While it might seem like you have endless options, your decision really comes down to this:

Whether you use a bank or a money transfer company.

The best way to transfer money from Hong Kong to the UK will depend on the amount you need to send, and how quickly it needs to get there.

If you need the money in the UK immediately, then a cash transfer is your best option.

Companies like Western Union, MoneyGram and InstaReM are leading names for cash transfers.

A cash transfer can sometimes be ready for pick-up in a matter of minutes.

The downside is it’s not possible to send large amounts, and cash transfers tend to be a more expensive option than an electronic money transfer.

If you want to send money from your Hong Kong bank account to a UK bank account, then an international money transfer is your best option.

These can also be called telegraphic transfers or wire transfers. Different jargon, same thing.

It will take 1-3 working days for your money to arrive, but they are a more cost-effective way to send money to the UK.

Both banks and money transfer specialists can do this for you.

It’s a case of weighing up the cost and service differences.

There are pros and cons to each, which you can see below.



Best for



High charges, minimal help

Small, infrequent payments

Money Transfer Company

Lower fees

Need to register first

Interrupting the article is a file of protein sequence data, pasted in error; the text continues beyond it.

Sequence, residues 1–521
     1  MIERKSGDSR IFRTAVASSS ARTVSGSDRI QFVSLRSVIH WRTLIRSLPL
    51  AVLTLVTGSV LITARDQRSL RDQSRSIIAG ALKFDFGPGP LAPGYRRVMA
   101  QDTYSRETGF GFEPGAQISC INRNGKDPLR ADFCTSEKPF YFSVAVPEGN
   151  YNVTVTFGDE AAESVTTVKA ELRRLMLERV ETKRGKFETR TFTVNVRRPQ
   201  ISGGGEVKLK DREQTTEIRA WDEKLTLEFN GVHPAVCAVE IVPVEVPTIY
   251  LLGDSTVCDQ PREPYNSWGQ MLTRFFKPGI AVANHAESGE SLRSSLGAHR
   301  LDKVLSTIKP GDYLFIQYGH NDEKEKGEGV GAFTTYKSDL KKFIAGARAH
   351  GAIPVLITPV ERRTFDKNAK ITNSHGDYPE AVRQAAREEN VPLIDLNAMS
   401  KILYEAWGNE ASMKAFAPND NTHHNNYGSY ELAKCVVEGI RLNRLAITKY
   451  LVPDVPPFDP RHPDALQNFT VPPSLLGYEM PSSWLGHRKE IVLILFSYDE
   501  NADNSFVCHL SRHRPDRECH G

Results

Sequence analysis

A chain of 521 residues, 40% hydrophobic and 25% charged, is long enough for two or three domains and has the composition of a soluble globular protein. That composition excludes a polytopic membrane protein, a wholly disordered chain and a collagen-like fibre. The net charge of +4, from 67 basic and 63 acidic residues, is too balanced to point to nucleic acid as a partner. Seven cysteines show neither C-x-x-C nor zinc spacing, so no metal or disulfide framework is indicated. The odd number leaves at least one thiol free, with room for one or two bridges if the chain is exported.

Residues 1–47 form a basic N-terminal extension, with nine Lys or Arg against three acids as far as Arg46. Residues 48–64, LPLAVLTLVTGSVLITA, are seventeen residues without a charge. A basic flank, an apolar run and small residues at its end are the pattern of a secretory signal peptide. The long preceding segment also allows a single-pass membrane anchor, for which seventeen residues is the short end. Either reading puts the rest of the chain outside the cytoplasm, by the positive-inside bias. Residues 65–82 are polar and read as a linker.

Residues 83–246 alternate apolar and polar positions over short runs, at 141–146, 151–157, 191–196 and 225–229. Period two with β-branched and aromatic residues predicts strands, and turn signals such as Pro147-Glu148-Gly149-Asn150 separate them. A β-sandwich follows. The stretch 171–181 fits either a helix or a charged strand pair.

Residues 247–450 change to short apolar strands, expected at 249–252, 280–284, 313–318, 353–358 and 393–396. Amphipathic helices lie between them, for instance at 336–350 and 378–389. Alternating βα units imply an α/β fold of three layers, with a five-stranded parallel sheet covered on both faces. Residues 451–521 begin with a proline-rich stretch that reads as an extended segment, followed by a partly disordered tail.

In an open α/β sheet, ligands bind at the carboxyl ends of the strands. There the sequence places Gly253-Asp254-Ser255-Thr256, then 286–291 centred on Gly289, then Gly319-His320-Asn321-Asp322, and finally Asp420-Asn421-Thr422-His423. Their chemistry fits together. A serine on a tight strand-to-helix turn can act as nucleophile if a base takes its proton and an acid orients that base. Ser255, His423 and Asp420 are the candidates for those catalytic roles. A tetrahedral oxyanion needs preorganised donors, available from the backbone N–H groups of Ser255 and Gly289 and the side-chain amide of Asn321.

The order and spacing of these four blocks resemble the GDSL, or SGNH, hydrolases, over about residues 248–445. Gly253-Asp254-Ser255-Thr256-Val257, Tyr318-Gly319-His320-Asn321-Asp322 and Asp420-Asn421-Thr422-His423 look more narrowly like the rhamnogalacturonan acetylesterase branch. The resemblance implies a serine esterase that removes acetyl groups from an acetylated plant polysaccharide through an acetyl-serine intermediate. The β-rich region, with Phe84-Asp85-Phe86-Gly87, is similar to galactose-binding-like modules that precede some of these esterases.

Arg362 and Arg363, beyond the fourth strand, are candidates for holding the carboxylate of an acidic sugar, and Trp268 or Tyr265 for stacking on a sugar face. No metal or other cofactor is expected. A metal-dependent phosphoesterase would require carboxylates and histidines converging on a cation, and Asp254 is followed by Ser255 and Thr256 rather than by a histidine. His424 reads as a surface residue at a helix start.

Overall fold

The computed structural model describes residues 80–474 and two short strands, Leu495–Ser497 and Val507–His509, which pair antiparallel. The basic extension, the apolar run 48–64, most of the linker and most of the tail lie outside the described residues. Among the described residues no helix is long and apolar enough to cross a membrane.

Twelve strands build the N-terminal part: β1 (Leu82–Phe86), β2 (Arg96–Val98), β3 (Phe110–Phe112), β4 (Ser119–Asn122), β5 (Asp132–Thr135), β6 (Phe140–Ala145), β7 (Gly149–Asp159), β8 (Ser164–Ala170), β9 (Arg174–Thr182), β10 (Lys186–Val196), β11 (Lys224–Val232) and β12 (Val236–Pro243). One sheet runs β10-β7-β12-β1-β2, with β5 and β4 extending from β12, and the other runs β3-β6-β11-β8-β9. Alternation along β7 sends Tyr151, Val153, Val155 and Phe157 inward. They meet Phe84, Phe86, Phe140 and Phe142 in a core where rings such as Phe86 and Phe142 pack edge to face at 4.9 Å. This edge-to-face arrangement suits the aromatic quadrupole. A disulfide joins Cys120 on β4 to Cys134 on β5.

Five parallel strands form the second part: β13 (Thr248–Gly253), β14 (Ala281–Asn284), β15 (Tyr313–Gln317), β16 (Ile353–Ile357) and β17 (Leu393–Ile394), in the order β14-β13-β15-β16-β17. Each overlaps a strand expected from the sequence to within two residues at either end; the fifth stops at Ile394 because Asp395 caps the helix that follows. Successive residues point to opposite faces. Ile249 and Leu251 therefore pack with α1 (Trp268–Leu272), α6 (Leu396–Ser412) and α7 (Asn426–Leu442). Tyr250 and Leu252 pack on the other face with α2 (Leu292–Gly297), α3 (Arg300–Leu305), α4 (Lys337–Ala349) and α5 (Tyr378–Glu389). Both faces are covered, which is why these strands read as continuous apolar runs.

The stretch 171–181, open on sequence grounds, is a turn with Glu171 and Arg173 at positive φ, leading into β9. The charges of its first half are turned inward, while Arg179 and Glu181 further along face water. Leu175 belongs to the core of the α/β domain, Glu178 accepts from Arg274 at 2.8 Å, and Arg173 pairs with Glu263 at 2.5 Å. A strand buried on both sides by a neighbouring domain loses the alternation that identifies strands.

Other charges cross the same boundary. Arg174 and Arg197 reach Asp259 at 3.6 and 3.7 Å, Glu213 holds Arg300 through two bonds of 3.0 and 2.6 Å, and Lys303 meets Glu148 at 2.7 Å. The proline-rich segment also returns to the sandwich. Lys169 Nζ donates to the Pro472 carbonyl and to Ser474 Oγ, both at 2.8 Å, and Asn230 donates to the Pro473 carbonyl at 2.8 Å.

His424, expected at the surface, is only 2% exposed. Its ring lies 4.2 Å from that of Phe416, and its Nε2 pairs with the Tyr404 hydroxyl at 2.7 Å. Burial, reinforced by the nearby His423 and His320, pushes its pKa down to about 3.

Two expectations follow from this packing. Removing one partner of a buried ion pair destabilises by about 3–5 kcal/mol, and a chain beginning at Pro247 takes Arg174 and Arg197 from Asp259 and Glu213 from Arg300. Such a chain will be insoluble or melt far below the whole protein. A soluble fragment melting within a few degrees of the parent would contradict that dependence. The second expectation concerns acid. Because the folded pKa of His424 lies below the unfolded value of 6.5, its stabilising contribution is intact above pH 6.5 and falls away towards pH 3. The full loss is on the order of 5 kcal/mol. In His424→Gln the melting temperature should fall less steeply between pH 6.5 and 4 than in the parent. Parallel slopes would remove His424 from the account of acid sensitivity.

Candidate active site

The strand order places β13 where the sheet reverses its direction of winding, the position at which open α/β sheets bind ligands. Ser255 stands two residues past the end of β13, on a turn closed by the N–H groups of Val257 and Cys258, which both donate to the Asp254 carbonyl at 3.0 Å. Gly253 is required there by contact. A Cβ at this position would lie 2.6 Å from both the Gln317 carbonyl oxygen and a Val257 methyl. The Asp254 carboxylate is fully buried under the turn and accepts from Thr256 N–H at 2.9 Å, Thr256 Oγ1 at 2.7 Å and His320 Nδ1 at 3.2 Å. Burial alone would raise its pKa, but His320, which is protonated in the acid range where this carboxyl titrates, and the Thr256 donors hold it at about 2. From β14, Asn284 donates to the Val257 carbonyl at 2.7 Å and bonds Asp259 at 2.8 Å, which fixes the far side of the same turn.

Large or regular amounts

What are the costs?

The cost of sending money from Hong Kong to the UK is often a combination of two charges:

  1. Fees
  2. Exchange rates


I know for customers that can make it confusing.

But I suspect in a lot of cases; it’s deliberate.

The main thing to remember is that the fees aren’t the only cost.

I see people post online the fees they pay and they don’t seem to be aware that the exchange rate is also a cost (albeit less visible than the fees).

Fees (an annoying distraction)

Whent you send money overseas, the banks charge a transfer fee.

Transfer fees are a fixed, flat fee charged per transfer.

Some money transfer companies also charge transfer fees, while some don’t.

The big banks in Hong Kong use different terms to describe a transfer fee, such as an “outward remittance fee” or a “telegraphic transfer fee”.

Here’s what two of the biggest banks for British expats charge per international transfer:

HSBC: $50 online, $120-$240 in a branch (depending on account), $0 if to another HSBC account & you are a HSBC Jade or Premier customer.